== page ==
- What is raised floor system?
- Areas Typically Most Suitable for Raised Floor Systems
- Areas Not Suitable for Raised Floor Systems
- Advantages of Raised Floor System
- Structural Conditions Requirements of Raised Floor System
What is raised floor system?
Elevated floor system, which is also termed as access floor system, is a raised structural floor that is placed on a reinforced concrete slab.
The elevated floor system consists of a several panels, as shown in Figure-1, which are installed on vertical adjustable pedestals as it can be noticed in Figure-2. The pedestals are fixed on the concrete slab using suitable means for instance adhesives or mechanical fixings.
Moreover, the gap between the elevated floor system and reinforced concrete slab below can be varied and ranges from 7.62cm (3inches) to 121.92cm (48inches) because the pedestals are adjustable.
Furthermore, the panel of raised floor system is composed of cement or wood core clad in steel or aluminum and its size is 60.96cm by 60.96cm. Finally, the panels are compatible with several flooring finishes for example vinyl, linoleum, laminate, rubber, carpet and stone or ceramic tiles.
Fig.1: Panel of Raised Floor System with their Adjustable Pedestals
Fig.2: Adjustable pedestals used to support panels of raised floor system; Bolted Stringer (left) and Stringerless corner Lock
Areas Typically Most Suitable for Raised Floor Systems
- Computer rooms and other information technology spaces.
- General open office areas.
- Training and conference areas.
- Exhibit spaces.
- Support spaces for offices, including electrical closets, fan rooms, etc.
- Clean rooms
Areas Not Suitable for Raised Floor Systems
Slab on Grade Locations
Raised floor system is not suitable to be placed directly on the slab on grade. This is because protection against heat, contaminant, and moisture that transferred with soil, soil gas, and ground water cannot be achieved for long period.
Toilets, Showers, Baths, Dishwashing and Other Wet Area
Plumbing fixtures are commonly installed in these areas which may leak and lead to the corrosion and deterioration panels.
Kitchen and Food Preparation Areas
High humidity and possible spillage food and liquids and seepage make these areas inappropriate for such types of floor system.
The likelihood of chemical and biological spills in addition to moisture and presence of plumbing make laboratory unsuitable for raised floor system.
Stair landings need interface with any adjacent raised floors as a flush condition with the edge of the access floor well supported.
Mechanical Equipment Rooms
Examples of such rooms involve air handling equipment, chiller, and boiler. it can be noticed from their names that these room have conditions in which panels of raised floor system will deteriorate and damage.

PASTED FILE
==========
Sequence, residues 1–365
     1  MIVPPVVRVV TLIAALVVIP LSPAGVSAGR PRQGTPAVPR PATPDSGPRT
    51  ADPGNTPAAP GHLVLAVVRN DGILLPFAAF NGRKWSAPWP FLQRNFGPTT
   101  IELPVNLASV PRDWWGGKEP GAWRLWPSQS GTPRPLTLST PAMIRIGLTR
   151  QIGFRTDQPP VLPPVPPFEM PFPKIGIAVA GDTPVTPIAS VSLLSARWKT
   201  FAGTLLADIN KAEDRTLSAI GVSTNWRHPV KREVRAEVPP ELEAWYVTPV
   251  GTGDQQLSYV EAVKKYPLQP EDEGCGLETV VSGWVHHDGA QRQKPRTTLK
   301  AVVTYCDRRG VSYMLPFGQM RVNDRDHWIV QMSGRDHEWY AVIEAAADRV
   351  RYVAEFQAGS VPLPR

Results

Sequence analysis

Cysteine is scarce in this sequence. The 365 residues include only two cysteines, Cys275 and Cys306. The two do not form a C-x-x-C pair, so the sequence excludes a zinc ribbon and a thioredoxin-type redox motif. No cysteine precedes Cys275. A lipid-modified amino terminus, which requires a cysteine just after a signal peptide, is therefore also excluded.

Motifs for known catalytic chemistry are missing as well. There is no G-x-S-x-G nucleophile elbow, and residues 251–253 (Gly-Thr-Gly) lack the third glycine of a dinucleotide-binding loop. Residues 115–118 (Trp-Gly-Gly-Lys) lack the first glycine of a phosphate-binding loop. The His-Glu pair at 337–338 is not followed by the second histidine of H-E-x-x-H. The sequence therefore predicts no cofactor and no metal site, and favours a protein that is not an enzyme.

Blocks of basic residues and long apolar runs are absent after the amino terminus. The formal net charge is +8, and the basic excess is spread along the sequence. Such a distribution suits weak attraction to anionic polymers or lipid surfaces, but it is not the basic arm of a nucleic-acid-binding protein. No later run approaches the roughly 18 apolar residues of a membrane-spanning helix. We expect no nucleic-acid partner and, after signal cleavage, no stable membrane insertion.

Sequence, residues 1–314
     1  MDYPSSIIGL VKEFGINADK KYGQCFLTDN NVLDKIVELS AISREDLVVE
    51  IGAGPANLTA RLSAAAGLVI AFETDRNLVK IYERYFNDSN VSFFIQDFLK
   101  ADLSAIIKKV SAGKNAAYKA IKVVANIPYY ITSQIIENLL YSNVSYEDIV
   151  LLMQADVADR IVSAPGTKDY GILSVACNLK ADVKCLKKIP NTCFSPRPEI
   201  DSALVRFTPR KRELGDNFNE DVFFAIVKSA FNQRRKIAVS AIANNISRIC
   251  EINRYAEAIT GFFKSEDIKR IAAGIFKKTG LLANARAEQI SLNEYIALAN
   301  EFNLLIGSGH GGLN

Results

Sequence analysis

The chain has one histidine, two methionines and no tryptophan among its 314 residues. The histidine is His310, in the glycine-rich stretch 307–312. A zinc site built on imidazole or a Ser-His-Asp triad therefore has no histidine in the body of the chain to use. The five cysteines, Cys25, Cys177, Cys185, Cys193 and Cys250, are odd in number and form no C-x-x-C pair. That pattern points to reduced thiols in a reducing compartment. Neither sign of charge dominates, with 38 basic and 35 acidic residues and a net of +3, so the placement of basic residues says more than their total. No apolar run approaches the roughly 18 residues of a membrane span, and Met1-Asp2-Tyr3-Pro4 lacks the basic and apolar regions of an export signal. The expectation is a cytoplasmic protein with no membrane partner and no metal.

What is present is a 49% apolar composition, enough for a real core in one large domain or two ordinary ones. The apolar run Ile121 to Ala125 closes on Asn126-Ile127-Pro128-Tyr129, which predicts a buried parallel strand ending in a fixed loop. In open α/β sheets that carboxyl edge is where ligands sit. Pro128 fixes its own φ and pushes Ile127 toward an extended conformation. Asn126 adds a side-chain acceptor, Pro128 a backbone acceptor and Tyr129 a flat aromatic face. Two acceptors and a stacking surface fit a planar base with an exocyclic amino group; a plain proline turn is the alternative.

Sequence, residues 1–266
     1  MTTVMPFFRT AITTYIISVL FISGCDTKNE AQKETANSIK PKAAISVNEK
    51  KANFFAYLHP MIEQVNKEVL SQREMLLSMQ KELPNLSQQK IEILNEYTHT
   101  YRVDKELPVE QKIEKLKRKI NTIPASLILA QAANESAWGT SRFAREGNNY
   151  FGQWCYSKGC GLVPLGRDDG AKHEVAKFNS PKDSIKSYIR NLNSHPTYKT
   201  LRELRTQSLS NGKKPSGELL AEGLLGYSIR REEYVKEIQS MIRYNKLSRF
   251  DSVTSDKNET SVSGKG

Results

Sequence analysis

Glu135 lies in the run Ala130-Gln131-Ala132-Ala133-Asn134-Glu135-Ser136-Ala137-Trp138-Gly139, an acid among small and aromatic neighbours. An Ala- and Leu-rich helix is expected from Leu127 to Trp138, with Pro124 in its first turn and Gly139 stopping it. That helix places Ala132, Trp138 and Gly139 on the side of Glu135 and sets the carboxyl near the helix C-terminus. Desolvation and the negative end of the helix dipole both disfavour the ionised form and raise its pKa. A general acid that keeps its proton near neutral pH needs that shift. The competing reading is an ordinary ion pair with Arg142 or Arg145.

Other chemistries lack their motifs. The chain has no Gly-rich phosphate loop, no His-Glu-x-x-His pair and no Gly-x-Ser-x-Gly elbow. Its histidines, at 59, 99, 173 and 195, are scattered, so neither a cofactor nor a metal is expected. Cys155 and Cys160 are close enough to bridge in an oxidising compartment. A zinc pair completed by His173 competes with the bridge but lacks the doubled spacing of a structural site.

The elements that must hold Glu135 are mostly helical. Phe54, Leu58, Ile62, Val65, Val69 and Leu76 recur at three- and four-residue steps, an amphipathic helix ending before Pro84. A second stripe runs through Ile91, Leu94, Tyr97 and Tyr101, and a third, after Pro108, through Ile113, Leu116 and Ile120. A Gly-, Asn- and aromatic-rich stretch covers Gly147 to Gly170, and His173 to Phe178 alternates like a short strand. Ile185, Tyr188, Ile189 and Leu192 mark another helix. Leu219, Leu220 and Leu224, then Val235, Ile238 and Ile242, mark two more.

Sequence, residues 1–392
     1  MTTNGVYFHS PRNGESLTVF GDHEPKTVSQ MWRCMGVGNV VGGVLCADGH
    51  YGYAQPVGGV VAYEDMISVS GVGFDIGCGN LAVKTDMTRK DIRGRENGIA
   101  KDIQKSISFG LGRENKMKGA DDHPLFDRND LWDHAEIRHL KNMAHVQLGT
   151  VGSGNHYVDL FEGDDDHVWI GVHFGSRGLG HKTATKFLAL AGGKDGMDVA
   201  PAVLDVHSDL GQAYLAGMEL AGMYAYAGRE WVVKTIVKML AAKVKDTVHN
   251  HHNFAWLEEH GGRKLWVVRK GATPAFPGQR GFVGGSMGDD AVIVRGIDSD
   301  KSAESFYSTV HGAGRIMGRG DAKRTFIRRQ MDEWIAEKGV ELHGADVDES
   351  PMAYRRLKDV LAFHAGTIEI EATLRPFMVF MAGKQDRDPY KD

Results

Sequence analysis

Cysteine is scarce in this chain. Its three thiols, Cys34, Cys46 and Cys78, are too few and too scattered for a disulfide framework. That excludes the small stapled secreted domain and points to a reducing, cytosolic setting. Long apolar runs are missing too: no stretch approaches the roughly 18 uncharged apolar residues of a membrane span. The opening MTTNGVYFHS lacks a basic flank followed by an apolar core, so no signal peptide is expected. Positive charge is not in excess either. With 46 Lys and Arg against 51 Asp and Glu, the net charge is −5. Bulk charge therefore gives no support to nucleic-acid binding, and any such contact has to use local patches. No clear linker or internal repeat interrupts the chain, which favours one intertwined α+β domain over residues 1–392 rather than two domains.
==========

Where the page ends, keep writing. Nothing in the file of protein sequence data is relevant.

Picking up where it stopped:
Other areas include Central storage rooms and loading areas, trash rooms, UPS, emergency generator, and similar rooms, and Child care.
Advantages of Raised Floor System
- This type of floor system tackles the problem of shear transfer across the diaphragm
- Raised floor system are waterproofed
- It leads to reduction in the cost of construction in high seismic regions
- Raised floor system could serve as a high thermal mass base material for radiant heat systems which are distributed by hot air or hot water. So, Heating and cooling a building with a raised flooring system is more efficient
- The concrete surface can be finished as a final floor finish as desired by sealing, polishing, stamping, or staining. Consequently, the extra cost of covering used for covering floors will no longer be needed
- Acoustic isolation is another advantages offered by raised floor system.
- In high wind threat areas, elevated floor system will improve the lateral resistance and durability of multistory building especially when it combined with concrete roof system
- Fire is suppressed from floor to floor
Structural Conditions Requirements of Raised Floor System
There are several structural conditions that raised floor system need to be met the following minimum conditions otherwise it will not be utilized unless it is specified in building specifications.
- It should be able to support 11.86KN/m2
- It is required to carry point load of 4KN
- Raised floor system need to withstand a minimum impact load of 2.25KN
- It should resist rolling load (1 wheel) of 2KN at 1000 passes and
Seismic Conditions Requirements of Raised Floor System
The specified raised floor system need to comply the following conditions (as minimum):
- For seismic zone 3 and higher seismic zones, it is required to use bolts for fixing pedestals. Commonly, manufacture specifies the suitability of pedestal for seismic zones.
- It is required to use bracing for pedestals provided that their length is greater than 30.48cm and used in seismic zone 3 and greater.
Acoustic and Vibration Considerations During Design and Construction of Raised Floor System
Impact sounds on floor panels generated by walking or rolling load may necessitate damping of panels with cushions on pedestals. Hollow panels do not show proper performance in this regard whereas panels with light concrete, cementitious materials, or wood will perform satisfactorily.
Transmission of sounds under the floor from one space to another might occur. In this case, the provision of sound transmission attenuation will be required of partition system.
Vibration transmission is not dealt with neither by manufacturer nor design criteria to attenuate vibration such as from machinery, transformers or other sources. So, specialist should be called to tackle such problem.